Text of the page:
"At just 12 years old, Nora is sent to Kent to escape the London bombings of World War II. Adopted by the Rivers family, Nora befriends their daughter Grace, and the two girls are soon inseparable. But the Rivers family and the small village have their secrets, and so does Nora. Will a jealous crime and years of secrecy be their undoing?"
"On the glamorous Middle Eastern social circuit, Saba rubs shoulders with
double agents and diplomats, movie stars and smugglers. Some want her
voice, some her friendship, and some the secrets she is perfectly placed
"Henry and Nicola are burdened with a terrible secret, while cheerful
nurse Winnie finds herself on the holiday from hell. John has arrived on
an impulse after he missed a flight at Shannon; eccentric Freda claims
to be a psychic - and a part-time hairdresser. Then there's Nora, a
silent watchful older woman who seems ready to disapprove at any
I think it is safe to say that "secrets", and their use in book blurbs especially, has far exceeded a normal, healthy amount.
Secrets are noted as a selling point in so many blurbs these days (and I have to say mostly "book club" books) that they have come to mean nothing. Telling me the pages, characters or settings of the story have secrets no longer tells me anything about the books I'm looking at. If I see "as secrets are revealed, will [character name]'s world fall apart DOT DOT DOT" (or similar), I instantly think "Oh, here we go again... generic 'Book'."
And that's it. I automatically class Generic Book as a secondary priority to the other demands and uses of my time, because they (the author, the publishers, whoever) couldn't be bothered to provide me with anything more tempting than over-used "secrets". Here's an idea - why not tempt me with the secret itself?! Why not lure me with themes? With a paraphrased cliffhanger? Anything but a vapid allusion to a "secret"!!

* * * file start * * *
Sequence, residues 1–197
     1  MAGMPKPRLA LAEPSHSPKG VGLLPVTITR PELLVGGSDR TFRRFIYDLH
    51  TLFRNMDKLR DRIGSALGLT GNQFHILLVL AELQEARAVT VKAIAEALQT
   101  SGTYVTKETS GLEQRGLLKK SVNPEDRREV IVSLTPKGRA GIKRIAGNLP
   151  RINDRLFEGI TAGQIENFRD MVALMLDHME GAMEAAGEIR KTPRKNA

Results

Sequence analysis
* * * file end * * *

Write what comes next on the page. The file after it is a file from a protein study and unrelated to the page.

I've taken quite an opposition to it, as you can tell, and I think there is an explaination:
I have been let down too many times by the promise of earth-shattering "secrets". Usually, they just aren't that big a deal.
So let's stop promising what wont be delivered. Generating mystery is a marketing tactic that is proven to be successful, but can we please get a bit smarter with it? Publishers can write tweets in 140 characters that entice me enough to click their bit.ly's - SO WHY CANT THEY BE THAT CLEVER ON ACTUAL BOOKS?!
Right. I'm getting a bit too capital-y now, so I'll leave it there ;) But surely I'm not alone? Are there any blurb conventions that turn you right off of books? Leave comments below!
The Big Secret
Emma is a designer living in Bristol, UK. A self-confessed stationery addict, book lover and TV sci-fi geek, she enjoys sketching zombie-eyed women and finding her next source of inspiration in the pages on the bookshelf.